GYTS is a school based survey developed by the World Health Organization (WHO) and Centers for Disease Control and Prevention (CDC). We performed secondary analysis on GYTS Pakistan 2004 data. This survey was conducted in three cities of Pakistan, namely Kasur, Peshawar, and Quetta using multistage sample design. At the first stage, the schools were selected proportional to student enrollment size in schools. At the second stage, classrooms were chosen randomly from the schools selected at first stage . Students aged 13 to 15 years are focused in GYTS, and country research coordinators identified the grades, 8th, 9th, and 10th as the ones that correspond to these ages. CDC and WHO ensured that participating countries follow local procedures for obtaining parental permission for ethical consideration . Data were collected using a self-administered questionnaire, which was developed by CDC and WHO. According to CDC and WHO, sample size has been calculated using the information that a minimum of 1500 completed student interviews are needed to obtain a precision level of ± 5% for a given estimate. This information is then used by the country to determine sample size of schools and students . Detailed information of GYTS Pakistan 2004 is available on the CDC website .
The study questions which were selected for analysis included information on age, sex, current smoking status, peer and parents’ smoking status, attitudes and behaviors, information on the knowledge of smoking related health risks, exposure to anti-smoking media messages, exposure to cigarette advertisements, and experimentation with cigarettes. Participants were aged between 11 and 17, and were stratified in two groups of less than or equal to 13, and greater than 13 years. According to the usual school grade system in our country, students up to 13 years of age are in lower secondary school and those older than 13 years are in higher secondary school. Our aim was to study the pattern of susceptibility in these two different school going groups. We measured the outcome variable, susceptibility to smoking using three questions from the survey; a) “If one of your friends offered you a cigarette, would you smoke it?” b) “At any time during the next twelve months, do you think you will smoke a cigarette?” c) “Do you think you will be smoking cigarettes 5 years from now?” Students who are currently non-smokers and answered definitely not to all 3 questions were coded as non-susceptible, and all other students were labeled as susceptible to smoking. All questions and criteria for determining susceptibility to smoking have been adopted from Pierce et al. . Details of the coding plan of all variables used in our study are mentioned in Table 1.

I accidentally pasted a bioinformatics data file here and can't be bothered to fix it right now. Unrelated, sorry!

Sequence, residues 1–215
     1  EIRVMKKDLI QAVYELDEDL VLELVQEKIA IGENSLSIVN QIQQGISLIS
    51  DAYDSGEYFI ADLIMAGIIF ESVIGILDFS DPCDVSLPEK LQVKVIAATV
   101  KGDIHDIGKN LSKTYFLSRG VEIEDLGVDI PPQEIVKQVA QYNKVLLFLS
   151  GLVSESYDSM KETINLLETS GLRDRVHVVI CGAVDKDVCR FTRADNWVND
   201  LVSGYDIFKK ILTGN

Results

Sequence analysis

Descriptive and Pearson chi-square analyses were used to determine the associations between smoking susceptibility (dependent variable ) and other independent variables, including student’s demographics, parents’ and friends” influences, education and knowledge of harmful effects of smoking, exposure to antismoking media and advertisements and expected social outcomes of smoking.
In order to identify the variables that predicted susceptibility, we performed univariate and multivariate logistic regression analysis to estimate the significant associations between smoking susceptibility and co-variates. Furthermore, in order to compare the susceptibility among ever smoked and never smoked groups, we performed the multivariate logistic regression with all risk factors that demonstrated a significant association with susceptibility i.e. sex, age, parents’ and friends’ smoking status, knowledge of harmful effects of smoking, access to anti-smoking media, and exposure to cigarette advertisements. Data were analyzed by using SPSS version 16.0.
Overall, 6204 students participated in GYTS 2004 from Peshawar (2159), Quetta (1804) and Kasur (2241). The school response rate was 100.0%, class response rate was 100.0%, and student response rate was 88.6% on average in all three cities . We constructed our final dataset using information from 4613 participants. Out of 6204, 93 current smokers were excluded (those who smoked at least one cigarette in last thirty days). Participants were also excluded due to missing data, (Sex = 239), (Age in years = 202), (Parents’ smoking status = 58 ), (Friends’ smoking status = 108), (Health education classes on harmful effects of smoking = 157), (Access to anti-smoking media = 82), (Exposure to billboard cigarette marketing = 208), (Exposure to newspaper/magazines cigarette marketing = 146), (Boys who smoke have more or less friends = 68), (Girls who smoke have more or less friends = 105), (Boys who smoke are more or less attractive = 116), (Girls who smoke are more or less attractive = 150), (People who smoke are more or less comfortable = 255), (Knowledge of harmful effects of smoking = 116), (Knowledge of harmful effects of second hand smoke = 64), (If your friends offered you a cigarette, would you smoke it = 113), (Do you think you will smoke a cigarette any time during next 12 months? = 50), (Do you think you will smoke a cigarette 5 years from now? = 70).